"Let me be wise to draw from every dispensation of Thy providence the lesson Thou are minded to teach me." --John Baillie
Moving to Stellenbosch has been one of the more pleasant experiences of my life. Through the window I see a sun-baked mountain behind fluttering palm trees, tiny toy vineyards lined immaculately on the slopes. Clay tile roofs complete the picture.
I've stopped asking, "How did we get here?" I don't bother to pinch myself anymore, I'll just get a bruise, and we are still here. Ever wonder what God's got up His sleeve?
The past four years were the most tumultuous and painful in our ministry. Now we are washed up on the shore of a paradise. From this perspective I can see how God used so much in our lives to get us here. Circumstances. Circumstances which brought me to my knees and lower, circumstances which made me long for heaven and escape from earth.
As those circumstances tore my heart apart, I was not seeing in them the compost of a life which would one day produce fruit. I just smelled its acrid stench and felt the burn of its acid. In fact, I am convinced that compost is perhaps the best metaphor for circumstances that a life of faith can understand. We are to use the circumstances of our lives to bring forth the fruit of holiness.
Fruit production is lengthy business, we see a lot of it here in Stellenbosch. Sometimes its smelly and there isn't much to show for the effort right away. Now I can see where I have come from. At the time I saw nothing of the fertilizing effect. My point of view was fragmented; I saw neither the past context nor the future hope, just the present pain.
I have a new friend, Cecile. Cecile has a radiant face, sparkling eyes, and a great sense of humor. She also has 4% vision in one eye, and a limited area vision in the other which she describes as looking through a gauzy curtain. She has one hand, her left, and her right leg cannot bend at the knee. Twenty-four years ago she was in a horrific accident, her survival was a miracle. She carries the scars of that circumstance throughout her body. But it was the circumstance that brought her to know her Lord Jesus. And while she jokes about her limitations, she says she would not trade her mobility or vision for her friendship with Jesus.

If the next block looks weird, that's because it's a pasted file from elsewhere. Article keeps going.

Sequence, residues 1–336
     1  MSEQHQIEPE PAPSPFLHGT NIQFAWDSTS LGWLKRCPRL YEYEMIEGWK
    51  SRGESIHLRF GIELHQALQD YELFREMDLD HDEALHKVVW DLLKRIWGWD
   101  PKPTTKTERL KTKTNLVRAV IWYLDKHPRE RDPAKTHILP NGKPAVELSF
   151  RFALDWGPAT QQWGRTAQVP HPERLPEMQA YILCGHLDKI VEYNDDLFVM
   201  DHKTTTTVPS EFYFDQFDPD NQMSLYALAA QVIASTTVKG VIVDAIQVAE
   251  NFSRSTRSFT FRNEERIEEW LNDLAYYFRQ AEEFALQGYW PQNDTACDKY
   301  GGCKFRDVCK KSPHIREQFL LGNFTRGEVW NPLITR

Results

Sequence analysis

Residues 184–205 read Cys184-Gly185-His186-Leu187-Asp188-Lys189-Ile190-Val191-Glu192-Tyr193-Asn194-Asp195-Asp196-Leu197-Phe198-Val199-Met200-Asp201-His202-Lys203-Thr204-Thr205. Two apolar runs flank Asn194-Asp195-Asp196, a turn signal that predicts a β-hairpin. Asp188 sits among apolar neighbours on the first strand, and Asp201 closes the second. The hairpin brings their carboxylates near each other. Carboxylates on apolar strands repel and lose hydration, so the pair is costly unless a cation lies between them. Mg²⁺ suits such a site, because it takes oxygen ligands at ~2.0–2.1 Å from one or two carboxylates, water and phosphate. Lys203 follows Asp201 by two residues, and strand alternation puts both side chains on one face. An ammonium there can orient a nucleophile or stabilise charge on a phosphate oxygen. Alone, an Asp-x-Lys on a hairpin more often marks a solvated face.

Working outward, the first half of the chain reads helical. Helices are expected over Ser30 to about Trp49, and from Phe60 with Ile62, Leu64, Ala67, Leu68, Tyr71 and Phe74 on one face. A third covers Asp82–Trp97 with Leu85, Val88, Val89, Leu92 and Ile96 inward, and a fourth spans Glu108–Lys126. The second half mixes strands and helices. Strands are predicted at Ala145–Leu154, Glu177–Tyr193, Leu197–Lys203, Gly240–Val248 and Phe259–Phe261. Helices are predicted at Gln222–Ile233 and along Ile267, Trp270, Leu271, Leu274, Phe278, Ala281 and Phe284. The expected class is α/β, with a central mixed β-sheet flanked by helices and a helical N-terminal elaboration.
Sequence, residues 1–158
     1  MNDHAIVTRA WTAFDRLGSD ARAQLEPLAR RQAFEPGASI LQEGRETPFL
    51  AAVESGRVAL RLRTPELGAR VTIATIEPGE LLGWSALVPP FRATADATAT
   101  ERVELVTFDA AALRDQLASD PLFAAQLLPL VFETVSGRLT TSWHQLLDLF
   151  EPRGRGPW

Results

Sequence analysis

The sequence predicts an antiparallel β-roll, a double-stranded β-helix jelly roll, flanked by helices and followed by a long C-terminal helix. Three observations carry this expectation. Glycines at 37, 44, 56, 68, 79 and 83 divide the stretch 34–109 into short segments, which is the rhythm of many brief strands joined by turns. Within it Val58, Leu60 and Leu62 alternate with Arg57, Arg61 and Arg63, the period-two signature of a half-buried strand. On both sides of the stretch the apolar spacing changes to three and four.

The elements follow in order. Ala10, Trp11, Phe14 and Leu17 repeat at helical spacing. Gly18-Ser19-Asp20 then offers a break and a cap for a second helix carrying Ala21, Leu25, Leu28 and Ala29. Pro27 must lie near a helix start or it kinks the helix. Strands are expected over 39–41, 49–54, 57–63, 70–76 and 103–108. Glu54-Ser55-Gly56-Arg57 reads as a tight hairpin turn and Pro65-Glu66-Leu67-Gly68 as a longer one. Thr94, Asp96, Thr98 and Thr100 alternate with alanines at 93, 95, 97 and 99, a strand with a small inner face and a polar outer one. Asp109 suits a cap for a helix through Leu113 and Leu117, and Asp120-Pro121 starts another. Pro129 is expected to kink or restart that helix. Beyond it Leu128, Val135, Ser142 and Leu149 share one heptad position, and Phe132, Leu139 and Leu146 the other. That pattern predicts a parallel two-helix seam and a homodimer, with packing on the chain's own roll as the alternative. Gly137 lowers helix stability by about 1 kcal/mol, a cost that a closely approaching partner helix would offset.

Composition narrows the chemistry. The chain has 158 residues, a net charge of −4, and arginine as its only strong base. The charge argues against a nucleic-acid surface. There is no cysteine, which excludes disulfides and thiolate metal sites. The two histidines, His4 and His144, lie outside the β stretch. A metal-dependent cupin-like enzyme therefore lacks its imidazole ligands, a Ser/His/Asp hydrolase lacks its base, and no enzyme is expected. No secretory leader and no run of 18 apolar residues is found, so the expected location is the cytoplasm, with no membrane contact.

(Here I am with Cecile and her artist husband, Hannes, in front of the Drakenstein mts.)
Jesus is in the process of making Cecile and me and all of us into a perfect gift to present to His father. We are an organic gift, so He uses compost to maximize our perfection. It is so hard for us to see that the wind and rough weather beating us down are to strengthen us and grow our roots deep. Now I can thank Him for those four tough years, as I see the bigger view. Cecile can thank Him for the painful months of recovery and the limitations she has endured for over two decades. No one can meet her and not see that she is full of the joy of life.
Now that I'm in out of the wind (not to say I won't find myself in it again at any moment), I can appreciate what St Francis meant when we said:
That has always been and still is most dear to me and more sweet and more acceptable which pleases the LORD my God most to let happen in me and with me.
God is pleased to let compost happen to me so I may produce the fruit of holiness. I have to stand back from fretting about things, grieving over what I cannot fix, and come in out of the wind. He has a plan that includes the past, the present and the future. It is whole, not fragmented.
And one day we will wake up. The bad dream will be over. It will be morning.